Starting Clinicals Tomorrow, Any Tips/Advice?!?! I have so many questions!!
- 0Jan 9, '13 by 619WannaBeANurseSooooooo I start clinical rotations tomorrow, and I am kinda nervous!!! We were told little things like bring extra shoes(so as not to bring germs home) and to wear our lab coats, but what did you guys do to ensure that you weren't bringing home germs/disease to your children & family members?? If you did change, when/where did you do it?? What did you do to avoid gagging while changing briefs?? Suctioning a trach? What were the hardest things for your to overcome? What did you actually do during clinicals??
- 1,300 Visits
- 0Jan 10, '13 by BabygirlivyThe best thing to help with the briefs (and other various "interesting" smells) is to bring a small thing of "Vicks" (you remember the stuff ur mom used to rub on ur chest at night when u were sick) and rub a little around each nostril. It wont totally block the smells, but it will make it soooooooo much more bareable. And I have a HORRIBLE gag reflex from smells. Good luck in clinicals guys! U will love it!
- 0Jan 10, '13 by John--RNSome people bring extra shoes and change them in the parking lot before getting in their car. I go home in what I went to work in unless something went very very wrong. If you are dealing with anything really bad they are probably on contact precautions and you should have a gown on.
I wash my hands before I leave, go in through my garage and leave my sneakers at the door there. Scrubs go in a seperate basket in the laundry room and I head to the shower.
So take a deep breath, (not while changing a brief) and relax Clinicals are not that bad.
- 0Jan 10, '13 by ni_colClinicals was the best part of the schooling for me. It's where you actually get to apply some of the skills you have been reading about. First off, don't be soo nervous, your instructor will walk you through a lot of things and check to make sure you are performing correctly. Some of your task will depend on your site you're assigned to and what your instructor will allow you to do. My advice is listed below:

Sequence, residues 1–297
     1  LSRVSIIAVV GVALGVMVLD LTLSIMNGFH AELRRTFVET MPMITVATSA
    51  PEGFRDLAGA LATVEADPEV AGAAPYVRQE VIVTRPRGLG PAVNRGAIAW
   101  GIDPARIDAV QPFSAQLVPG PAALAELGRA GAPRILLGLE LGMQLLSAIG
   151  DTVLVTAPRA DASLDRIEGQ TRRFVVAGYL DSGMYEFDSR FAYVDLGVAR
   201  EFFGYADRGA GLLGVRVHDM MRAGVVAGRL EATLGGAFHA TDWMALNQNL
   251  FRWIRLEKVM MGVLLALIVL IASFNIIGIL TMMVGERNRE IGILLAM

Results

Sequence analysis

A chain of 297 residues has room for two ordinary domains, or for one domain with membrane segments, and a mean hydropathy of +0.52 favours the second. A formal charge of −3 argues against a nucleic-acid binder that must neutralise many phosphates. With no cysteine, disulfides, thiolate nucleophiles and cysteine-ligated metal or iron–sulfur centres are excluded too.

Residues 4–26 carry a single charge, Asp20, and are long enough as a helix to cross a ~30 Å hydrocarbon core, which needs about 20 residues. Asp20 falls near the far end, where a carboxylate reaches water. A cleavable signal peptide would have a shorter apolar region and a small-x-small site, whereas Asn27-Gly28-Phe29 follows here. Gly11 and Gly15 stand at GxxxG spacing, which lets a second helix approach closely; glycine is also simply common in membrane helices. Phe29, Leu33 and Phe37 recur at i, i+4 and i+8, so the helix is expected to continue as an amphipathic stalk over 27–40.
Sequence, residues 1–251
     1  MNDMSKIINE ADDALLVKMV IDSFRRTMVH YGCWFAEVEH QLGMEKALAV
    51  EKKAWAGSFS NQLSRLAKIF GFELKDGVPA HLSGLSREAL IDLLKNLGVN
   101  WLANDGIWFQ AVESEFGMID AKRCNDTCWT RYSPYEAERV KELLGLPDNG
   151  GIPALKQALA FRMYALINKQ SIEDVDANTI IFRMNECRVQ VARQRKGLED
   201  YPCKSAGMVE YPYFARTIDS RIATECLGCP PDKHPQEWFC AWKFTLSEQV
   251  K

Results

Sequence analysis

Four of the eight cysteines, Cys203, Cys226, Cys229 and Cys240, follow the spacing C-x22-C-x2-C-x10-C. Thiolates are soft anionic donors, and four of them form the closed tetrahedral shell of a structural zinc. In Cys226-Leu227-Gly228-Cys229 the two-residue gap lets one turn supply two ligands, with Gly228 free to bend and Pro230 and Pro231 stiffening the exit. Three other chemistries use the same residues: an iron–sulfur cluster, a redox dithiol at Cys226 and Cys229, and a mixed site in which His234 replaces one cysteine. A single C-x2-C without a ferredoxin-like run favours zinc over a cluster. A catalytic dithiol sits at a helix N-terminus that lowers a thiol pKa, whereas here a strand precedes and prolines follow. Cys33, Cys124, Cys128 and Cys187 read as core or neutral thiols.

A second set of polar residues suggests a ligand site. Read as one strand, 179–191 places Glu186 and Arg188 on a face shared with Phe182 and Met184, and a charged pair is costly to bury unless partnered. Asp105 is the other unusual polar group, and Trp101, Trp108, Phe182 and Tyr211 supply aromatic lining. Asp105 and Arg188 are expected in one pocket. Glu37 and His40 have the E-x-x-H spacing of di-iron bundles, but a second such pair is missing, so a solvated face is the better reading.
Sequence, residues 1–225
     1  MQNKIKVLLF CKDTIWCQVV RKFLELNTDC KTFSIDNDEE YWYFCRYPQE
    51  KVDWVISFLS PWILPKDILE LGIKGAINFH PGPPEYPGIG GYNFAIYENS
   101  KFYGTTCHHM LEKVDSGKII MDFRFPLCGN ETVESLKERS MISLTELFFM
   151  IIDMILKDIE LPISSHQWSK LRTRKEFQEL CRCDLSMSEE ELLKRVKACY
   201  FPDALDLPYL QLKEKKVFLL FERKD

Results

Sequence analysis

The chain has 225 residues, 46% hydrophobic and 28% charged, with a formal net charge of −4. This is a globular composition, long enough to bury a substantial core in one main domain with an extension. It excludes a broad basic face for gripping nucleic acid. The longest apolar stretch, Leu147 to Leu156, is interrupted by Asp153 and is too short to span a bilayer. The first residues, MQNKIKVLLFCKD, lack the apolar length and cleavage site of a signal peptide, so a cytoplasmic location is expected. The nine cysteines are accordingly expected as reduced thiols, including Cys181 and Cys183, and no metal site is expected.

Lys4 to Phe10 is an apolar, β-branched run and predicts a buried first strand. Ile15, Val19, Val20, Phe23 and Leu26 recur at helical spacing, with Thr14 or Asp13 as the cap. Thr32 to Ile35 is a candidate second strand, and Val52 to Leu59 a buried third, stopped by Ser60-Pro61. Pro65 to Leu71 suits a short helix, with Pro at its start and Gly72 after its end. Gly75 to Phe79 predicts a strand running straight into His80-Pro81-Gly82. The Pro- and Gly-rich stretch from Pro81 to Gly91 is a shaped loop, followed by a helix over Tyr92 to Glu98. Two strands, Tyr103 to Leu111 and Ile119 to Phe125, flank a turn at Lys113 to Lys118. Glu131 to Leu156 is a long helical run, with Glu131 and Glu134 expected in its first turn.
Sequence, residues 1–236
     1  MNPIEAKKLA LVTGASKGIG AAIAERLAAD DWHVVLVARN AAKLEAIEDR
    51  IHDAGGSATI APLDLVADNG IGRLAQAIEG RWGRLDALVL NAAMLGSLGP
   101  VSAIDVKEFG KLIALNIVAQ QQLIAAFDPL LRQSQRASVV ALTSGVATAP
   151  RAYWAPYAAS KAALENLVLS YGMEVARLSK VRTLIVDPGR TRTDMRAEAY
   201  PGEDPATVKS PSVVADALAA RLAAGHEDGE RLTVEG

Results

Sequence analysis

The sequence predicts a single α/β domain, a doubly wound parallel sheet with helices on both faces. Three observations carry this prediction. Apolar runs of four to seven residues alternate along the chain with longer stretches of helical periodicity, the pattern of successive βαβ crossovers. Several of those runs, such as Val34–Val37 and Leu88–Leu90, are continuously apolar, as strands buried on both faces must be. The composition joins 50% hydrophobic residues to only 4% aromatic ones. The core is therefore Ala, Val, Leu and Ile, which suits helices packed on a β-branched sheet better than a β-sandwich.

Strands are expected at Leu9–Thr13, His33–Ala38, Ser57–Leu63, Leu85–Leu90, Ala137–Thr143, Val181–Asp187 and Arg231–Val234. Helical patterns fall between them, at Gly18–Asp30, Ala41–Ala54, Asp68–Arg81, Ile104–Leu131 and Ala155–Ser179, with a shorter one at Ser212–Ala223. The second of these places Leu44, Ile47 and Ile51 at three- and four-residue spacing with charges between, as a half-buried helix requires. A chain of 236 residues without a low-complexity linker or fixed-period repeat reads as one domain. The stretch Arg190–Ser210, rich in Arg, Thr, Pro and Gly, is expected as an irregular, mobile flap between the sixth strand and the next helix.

- Volunteer to perform EVERY task you can because that may be the one opportunity you will see it or get to perform it.
- Your scrubs and shoes are not so dirty that you can not walk in your house with them. I would usually wear the same shoes to clinicals and place them in a corner in my room. I would not let my kids hug me though until I had taken off my scrubs.
- Try to always have your stethoscope, some strip thermometers, a small notepad, and a pen. If you are performing assessments, you will also need a pen light. Later in your training you may want to have a pair of nursing scissors. I would also keep some hand lotion and chap stick in my pocket...my personal preference.
- Be professional at all times, double and triple check your work, if unsure, ASK, do not assume, some clinicals sites will use you as the escape goat for their errors
- The nursing world is VERY small so make sure to be friendly and show that you know your skills, you may need those nurses one day to get a job....many nurses and doctors work at several facilities
Feces you will get used to, the sputum you will not.
- 0Jan 12, '13 by NurseGuyBriThe day of my first clinical. I sat in the parking lot in my car and almost refused to get out, I was so scared. My first patient? Couldn't talk, quadriplegic, incredibly anxious, and played with his feces all day long. N.O.T. F.U.N. I hated it. Something happened on day 2 though. My patient for some reason seemed calmer. His wife had come in not long after me going in and said that she hadn't been able to come in almost a month and he must have been lonely. I left that day and cried (I am sort of a crybaby). From then on I realized that every single patient I touch that is mean, nice, hurtful, dirty, friendly, crying, screaming...... needs me. Needs us.
Ok, so I went on a tangent- as for germs, I wear boxers and a t-shirt under my scrubs so when i get home scrubs go off at front door and in separate hamper and my work shoes stay at work in a locker.
- 0Jan 12, '13 by MIGurlI cried the 1st day of my 1st semester. It was SO overwhelming!
I also cried the 2nd day of 2nd semester. I had so much go wrong with my day but none with my patient. I am not even stressing over my care plan. It's done. I will hand it in Monday and it will be what it is. I have 10 more pages to read before Monday's lecture.
Bring a small notebook that will fit in your pocket to wrote notes on. I have found if your patient is verbal, you can learns a lot from them.